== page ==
Prayer, the Primary Role

Guest Post from New Bluffton North Workers, Heading to South Asia

For those of us who think a lot about the Great Commission, it is easy to forget about the importance of prayer in missions. This is because the emphasis is on going, giving and, sending and not necessarily on prayer. Consequently, we think a lot about financial needs and personnel needs and we think a lot about whether our time and recourses are being used effectively. This is especially true for those, like myself, who are involved in ministries that are supplemental to evangelism. I’m speaking of ministries like; Bible translation, medical relief, and compassion ministries.

We are so active in the physical arena that we forget how much of missions takes place in the spiritual arena.

Often, it is not until we meet road blocks in this physical arena that we begin to operate in the role that God has given us in the spiritual arena. I used to be involved with a ministry to Muslims teenagers. Personally, I liken evangelism to Muslim teenage boys to hunting squirrels with a bow and arrow. They’re kind of hard to nail down. As evangelists, we put forth a lot of effort and often saw very little fruit. There were a lot of distractions and much of what we would say didn’t seem to land in their hearts. The frustration that we felt from this drove us to our knees. Only then did we begin to see fruit. It was then that circumstances for presenting the gospel seemed to naturally open up before us. We became aware of a supernatural timing to our interactions. The boys we were evangelizing really seemed to be affected by the weight of the Gospel. For this reason, we began to feel like our primary job was to pray for God to work among our Muslim friends and evangelism was sort of the clean-up job.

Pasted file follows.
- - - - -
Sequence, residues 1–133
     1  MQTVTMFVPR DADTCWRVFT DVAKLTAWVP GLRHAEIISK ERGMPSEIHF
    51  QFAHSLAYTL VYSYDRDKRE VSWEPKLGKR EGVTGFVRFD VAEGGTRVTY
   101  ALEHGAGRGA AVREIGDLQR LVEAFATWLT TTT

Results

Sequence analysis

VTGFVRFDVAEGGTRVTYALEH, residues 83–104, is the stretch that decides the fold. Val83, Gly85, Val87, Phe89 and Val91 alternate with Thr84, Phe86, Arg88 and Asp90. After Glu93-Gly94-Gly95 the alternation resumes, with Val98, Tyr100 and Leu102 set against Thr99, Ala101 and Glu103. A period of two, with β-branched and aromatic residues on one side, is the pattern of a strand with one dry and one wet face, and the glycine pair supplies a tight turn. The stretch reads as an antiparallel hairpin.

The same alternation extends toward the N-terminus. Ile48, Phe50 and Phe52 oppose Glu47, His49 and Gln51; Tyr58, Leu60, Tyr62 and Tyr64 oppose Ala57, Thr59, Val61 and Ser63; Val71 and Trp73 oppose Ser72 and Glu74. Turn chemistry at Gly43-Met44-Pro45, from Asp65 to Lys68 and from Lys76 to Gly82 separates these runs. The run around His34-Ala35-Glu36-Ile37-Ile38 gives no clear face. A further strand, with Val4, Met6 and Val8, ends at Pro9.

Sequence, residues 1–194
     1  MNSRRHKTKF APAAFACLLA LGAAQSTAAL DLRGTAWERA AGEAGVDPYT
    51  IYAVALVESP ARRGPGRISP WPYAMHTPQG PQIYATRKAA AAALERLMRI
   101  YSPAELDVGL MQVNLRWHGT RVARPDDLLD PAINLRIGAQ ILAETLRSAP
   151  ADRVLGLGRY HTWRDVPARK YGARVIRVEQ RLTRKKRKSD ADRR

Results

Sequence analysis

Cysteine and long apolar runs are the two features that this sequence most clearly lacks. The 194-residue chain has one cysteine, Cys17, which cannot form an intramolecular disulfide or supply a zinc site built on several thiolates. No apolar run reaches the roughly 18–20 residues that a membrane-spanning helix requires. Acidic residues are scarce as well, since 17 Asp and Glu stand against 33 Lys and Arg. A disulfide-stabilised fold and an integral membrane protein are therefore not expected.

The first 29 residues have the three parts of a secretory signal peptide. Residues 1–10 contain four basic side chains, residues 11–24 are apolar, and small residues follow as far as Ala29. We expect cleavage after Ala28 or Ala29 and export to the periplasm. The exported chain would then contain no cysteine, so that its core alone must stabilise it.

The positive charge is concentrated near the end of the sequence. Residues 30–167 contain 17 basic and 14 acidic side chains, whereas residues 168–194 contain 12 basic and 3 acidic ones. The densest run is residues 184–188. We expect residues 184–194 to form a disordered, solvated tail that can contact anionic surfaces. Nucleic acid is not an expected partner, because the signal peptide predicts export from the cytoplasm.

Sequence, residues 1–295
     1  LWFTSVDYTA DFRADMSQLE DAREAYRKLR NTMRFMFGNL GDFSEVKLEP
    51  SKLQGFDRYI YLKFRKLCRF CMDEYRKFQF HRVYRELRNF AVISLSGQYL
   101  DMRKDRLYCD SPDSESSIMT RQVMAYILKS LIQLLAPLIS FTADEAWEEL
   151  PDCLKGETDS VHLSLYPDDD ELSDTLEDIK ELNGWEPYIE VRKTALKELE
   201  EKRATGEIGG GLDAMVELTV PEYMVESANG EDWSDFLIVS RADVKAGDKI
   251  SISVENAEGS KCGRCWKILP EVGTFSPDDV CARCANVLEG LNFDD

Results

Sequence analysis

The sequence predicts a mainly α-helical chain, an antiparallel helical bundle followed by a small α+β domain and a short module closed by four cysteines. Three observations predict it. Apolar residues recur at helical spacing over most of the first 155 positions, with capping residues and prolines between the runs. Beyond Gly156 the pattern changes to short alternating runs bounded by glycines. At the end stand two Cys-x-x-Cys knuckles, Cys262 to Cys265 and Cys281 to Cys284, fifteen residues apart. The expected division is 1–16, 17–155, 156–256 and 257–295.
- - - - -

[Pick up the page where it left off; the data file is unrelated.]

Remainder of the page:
So, this blog post is a reminder for myself and anyone connected to ministry that prayer is the primary activity in missions.

In order to return to this proper stance, we must acknowledge two vivid truths. First, we must remember that the human problem is spiritual death and all other dysfunctions in our society are a byproduct of this death. We must realize that unless the Holy Spirit does a work in the hearts of lost persons, all of our efforts to serve them will not result in their salvation. We cannot bring their spirits to life with Bible translation. We cannot charm them into salvation with acts of mercy. We cannot convert their souls with fine words. We must go to the Father on their behalf. We must plead the blood of Jesus Christ over them and ask God to quicken them. We cannot expect that our efforts in the physical world are sufficient to fix a problem that is rooted in the spiritual world.

“When you were dead in your sins and in the uncircumcision of your flesh, God made you alive with Christ. He forgave us all our sins,” -Colossians 2:13

Secondly, we must realize that God intends to bring salvation to the nations primarily for the sake of his glory.